n3 is the number of turns in the shorted turn 8.
Ratio of actual to nominal load impedance
Ratio of secondary coil impedance to nominal load
Equation 1 can then be solved for the currents in each circuit. The expressions which are obtained are extremely large, but capable of being used. In order to present the results in a more comprehensible form, some simplifying assumptions may be made.
The supply has a negligible output impedance,
There is no flux leakage,
The results can then be tabulated (Table 1) for the two conditions:
“Fault”−Rload=0, Rshort non-zero (resistive).
It is also possible to model this system using SPICE. SPICE is a well known program for modeling electronic circuits, originally developed by the University of California at Berkeley, and available in a number of implementations. This enables the non-linearity of the magnetic circuits to be included, and the validity of the simplifications mentioned above to be investigated. However, the SPICE algorithm imposes some limitations, and in particular does not allow a circuit to contain zero resistance. In the following, the superconductor was modeled by a resistance of 10−6 ohm and the short circuit by 0.001 ohm.
The following values were used in the above analytical expressions and also in a SPICE model, whose circuit schematic is shown in FIG. 2.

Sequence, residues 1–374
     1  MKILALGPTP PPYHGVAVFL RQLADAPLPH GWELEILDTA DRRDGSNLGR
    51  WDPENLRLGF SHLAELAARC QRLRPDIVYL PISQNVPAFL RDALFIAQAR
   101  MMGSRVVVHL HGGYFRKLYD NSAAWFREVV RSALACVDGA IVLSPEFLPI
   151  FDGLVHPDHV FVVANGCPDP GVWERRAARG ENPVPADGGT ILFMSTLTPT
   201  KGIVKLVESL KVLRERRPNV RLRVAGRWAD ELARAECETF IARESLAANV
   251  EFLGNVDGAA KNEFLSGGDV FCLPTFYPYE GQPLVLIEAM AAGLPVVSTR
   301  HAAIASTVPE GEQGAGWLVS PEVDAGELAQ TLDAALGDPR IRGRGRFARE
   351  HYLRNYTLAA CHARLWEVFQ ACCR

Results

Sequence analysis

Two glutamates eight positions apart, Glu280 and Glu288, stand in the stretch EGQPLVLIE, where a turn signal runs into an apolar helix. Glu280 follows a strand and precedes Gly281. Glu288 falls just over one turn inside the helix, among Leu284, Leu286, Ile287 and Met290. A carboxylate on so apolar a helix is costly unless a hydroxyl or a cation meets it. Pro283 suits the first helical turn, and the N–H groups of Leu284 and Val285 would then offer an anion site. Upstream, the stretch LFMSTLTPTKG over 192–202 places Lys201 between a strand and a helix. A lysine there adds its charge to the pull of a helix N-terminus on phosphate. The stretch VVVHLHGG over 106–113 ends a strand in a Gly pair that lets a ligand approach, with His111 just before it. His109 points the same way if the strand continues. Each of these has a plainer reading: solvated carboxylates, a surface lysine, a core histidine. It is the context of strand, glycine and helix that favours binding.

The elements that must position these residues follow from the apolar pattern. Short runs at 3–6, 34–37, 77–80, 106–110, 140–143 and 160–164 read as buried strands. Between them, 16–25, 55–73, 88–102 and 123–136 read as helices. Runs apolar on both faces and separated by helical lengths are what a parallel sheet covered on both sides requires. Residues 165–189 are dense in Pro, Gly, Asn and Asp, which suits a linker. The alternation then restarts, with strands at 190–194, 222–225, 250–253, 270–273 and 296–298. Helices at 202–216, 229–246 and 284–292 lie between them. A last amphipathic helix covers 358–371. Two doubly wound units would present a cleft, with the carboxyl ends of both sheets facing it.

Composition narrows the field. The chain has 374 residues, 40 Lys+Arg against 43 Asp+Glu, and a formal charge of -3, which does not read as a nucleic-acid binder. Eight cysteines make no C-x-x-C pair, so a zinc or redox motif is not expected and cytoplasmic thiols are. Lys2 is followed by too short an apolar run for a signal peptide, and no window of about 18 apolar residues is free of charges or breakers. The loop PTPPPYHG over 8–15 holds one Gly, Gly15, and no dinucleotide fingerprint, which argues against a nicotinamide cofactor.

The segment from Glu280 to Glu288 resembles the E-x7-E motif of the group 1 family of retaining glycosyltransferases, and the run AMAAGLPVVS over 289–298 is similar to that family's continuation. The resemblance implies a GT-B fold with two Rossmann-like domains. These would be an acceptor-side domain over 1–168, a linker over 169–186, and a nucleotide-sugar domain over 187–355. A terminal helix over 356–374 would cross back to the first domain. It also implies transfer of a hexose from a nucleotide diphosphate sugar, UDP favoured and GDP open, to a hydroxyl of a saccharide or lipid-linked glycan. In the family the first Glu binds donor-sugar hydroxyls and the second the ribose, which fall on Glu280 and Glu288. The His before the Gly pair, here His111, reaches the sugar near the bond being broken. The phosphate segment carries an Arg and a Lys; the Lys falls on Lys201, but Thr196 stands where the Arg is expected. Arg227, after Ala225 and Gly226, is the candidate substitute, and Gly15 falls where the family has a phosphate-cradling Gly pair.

In this model, it is assumed that:
For the expressions μ=1802, and in the SPICE model the following BH curve was used:
The results of these two calculations are compared in Table 2 below for different values of Rshort.
Agreement is good, except at very low values of Rshort.
In the example which has been used, good limiting has been obtained for a normal-state resistance of 0.01 ohms. For the given core size, a resistivity of 10−6 ohm-metres and a critical current of 2000 A, this requires a critical current density of 2.5 107 A/m2, which is relatively undemanding.
The above example has used equal numbers of turns on the two secondary windings 5,6. However it is possible to use different numbers of turns, and thereby accommodate the properties of the superconductor (the relationship between critical current and resistance) to the requirements of the current limiter.
Table 3 below plots the fault currents against Rshort for different numbers of turns on the second secondary winding.
If, for example, we wished to limit the secondary current to 15 A under fault conditions, this could be achieved with the following values of Rshort, for different numbers of turns (Table 4). The corresponding value of the rated current in the shorted turn, under normal conditions, is also shown. Choosing the critical current to be 25% greater than this, the critical current density (Jc) of the superconductor 8 can then be calculated.
In this analysis, we have assumed that the superconducting shorted turn 8 is a cylinder. The inner radius is fixed by the size of the magnetic core plus an allowance for insulation etc. (the core diameter is in turn determined by the power rating of the transformer). We also assume that the resistivity of the, superconductor has a value of 10−6 ohm-metre. A given resistance around this turn then defines the cross-sectional area required.